- United States Court of Appeals for the District of Columbia Circuit vacated the EPA's Cross-State Air Pollution Rule
- August 23, 2012 | Author: Jeffrey D. Talbert
- Law Firm: Preti, Flaherty, Beliveau & Pachios, LLP - Portland Office
On Tuesday, August 21, 2012, the United States Court of Appeals for the District of Columbia Circuit vacated the U.S. Environmental Protection Agency's ("EPA") Cross-State Air Pollution Rule ("CSAPR").
In August 2011, EPA promulgated the Transport Rule, or CSAPR, to target emissions of sulfur dioxide and nitrogen oxides, two pollutants produced at coal and natural gas-fired power plants in 28 upwind states. The rule aimed to reduce air quality impacts to downwind states.
In a 2-1 decision the majority found that CSAPR exceeds the EPA's statutory authority in two ways. First, by imposing "massive emissions reduction requirements on upwind States without regard to the limits imposed by the statutory text." Second, EPA violated the Clean Air Act and failed to implement the good neighbor provision by simultaneously not allowing the States "the initial opportunity to implement the required reductions with respect to sources within their borders," and implementing Federal Implementation Plans ("FIPs") to impose those obligations at the State level.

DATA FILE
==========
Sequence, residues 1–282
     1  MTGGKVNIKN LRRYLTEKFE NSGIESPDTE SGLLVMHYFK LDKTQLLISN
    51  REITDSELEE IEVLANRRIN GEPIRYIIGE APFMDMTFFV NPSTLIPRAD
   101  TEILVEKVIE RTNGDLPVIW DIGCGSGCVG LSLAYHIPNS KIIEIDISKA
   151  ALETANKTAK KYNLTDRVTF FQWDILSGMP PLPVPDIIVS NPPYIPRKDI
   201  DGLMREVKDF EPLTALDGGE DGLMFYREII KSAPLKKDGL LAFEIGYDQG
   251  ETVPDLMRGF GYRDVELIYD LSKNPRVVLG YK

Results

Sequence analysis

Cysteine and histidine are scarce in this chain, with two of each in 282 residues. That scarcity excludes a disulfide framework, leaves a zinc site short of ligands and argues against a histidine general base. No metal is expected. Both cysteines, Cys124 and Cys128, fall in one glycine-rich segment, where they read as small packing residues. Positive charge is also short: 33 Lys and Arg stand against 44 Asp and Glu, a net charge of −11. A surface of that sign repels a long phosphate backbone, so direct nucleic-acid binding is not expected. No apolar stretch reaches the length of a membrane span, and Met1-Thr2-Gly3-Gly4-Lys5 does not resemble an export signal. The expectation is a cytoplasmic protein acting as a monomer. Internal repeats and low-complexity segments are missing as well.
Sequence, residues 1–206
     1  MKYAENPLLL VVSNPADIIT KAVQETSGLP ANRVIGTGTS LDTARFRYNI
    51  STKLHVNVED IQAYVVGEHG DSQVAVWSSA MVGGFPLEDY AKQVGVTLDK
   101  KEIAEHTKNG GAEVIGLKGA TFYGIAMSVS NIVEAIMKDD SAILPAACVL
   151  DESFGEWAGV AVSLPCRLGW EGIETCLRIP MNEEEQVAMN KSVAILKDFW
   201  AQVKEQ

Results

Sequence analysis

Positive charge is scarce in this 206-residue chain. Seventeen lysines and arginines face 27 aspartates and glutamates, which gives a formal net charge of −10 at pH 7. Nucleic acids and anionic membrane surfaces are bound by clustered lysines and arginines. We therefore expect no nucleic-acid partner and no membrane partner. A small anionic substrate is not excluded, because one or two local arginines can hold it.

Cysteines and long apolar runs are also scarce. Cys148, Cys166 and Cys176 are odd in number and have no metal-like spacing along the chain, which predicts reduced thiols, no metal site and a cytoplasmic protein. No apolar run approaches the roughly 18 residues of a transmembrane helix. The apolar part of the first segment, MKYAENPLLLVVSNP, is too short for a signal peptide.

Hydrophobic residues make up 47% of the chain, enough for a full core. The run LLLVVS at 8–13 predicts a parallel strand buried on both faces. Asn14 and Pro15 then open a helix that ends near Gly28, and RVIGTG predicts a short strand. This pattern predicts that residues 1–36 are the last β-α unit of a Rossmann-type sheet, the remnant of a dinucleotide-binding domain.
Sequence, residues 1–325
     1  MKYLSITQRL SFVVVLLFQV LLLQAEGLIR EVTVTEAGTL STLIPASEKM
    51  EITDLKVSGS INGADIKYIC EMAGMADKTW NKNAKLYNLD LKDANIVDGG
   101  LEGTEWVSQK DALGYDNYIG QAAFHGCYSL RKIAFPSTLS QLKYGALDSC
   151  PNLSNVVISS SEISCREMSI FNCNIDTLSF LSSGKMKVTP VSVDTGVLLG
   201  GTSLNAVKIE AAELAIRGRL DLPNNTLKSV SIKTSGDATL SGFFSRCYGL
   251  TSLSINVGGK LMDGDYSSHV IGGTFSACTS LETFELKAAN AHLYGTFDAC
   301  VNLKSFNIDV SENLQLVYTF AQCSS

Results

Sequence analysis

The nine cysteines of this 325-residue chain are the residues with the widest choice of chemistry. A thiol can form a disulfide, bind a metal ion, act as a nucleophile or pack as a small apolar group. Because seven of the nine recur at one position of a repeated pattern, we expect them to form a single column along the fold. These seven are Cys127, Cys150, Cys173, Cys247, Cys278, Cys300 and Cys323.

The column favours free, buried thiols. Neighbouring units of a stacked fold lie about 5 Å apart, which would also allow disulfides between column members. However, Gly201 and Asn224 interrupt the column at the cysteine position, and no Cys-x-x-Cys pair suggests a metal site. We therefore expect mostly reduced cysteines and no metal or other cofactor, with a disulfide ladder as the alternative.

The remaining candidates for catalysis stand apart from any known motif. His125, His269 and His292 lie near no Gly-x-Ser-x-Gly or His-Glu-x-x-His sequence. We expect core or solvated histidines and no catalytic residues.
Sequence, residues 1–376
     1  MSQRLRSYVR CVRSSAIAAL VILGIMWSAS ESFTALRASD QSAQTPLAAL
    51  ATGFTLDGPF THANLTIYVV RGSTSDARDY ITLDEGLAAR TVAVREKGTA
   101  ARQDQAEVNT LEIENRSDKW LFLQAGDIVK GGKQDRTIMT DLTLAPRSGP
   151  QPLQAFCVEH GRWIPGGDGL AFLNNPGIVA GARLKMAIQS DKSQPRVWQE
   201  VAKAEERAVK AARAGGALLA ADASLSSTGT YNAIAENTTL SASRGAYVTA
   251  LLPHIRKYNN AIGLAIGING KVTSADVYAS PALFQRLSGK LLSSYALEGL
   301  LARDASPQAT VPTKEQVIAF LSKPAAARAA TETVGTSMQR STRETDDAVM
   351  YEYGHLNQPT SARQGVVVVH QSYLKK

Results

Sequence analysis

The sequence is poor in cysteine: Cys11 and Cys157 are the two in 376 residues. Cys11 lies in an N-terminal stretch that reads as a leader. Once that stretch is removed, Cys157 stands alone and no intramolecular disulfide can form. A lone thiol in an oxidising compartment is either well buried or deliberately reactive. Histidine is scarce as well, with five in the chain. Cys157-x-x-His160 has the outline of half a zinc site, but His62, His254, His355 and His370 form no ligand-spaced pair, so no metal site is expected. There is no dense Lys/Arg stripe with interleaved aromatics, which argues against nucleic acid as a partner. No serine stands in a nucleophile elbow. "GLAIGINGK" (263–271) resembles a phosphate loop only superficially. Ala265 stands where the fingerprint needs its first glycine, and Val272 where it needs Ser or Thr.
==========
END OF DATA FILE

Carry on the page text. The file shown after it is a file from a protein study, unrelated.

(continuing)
The Court vacated the Transport Rule and the Transport Rule FIPs and remanded the proceeding to EPA. EPA's 2005 Clean Air Interstate Rule ("CAIR") remains in place pending a valid replacement.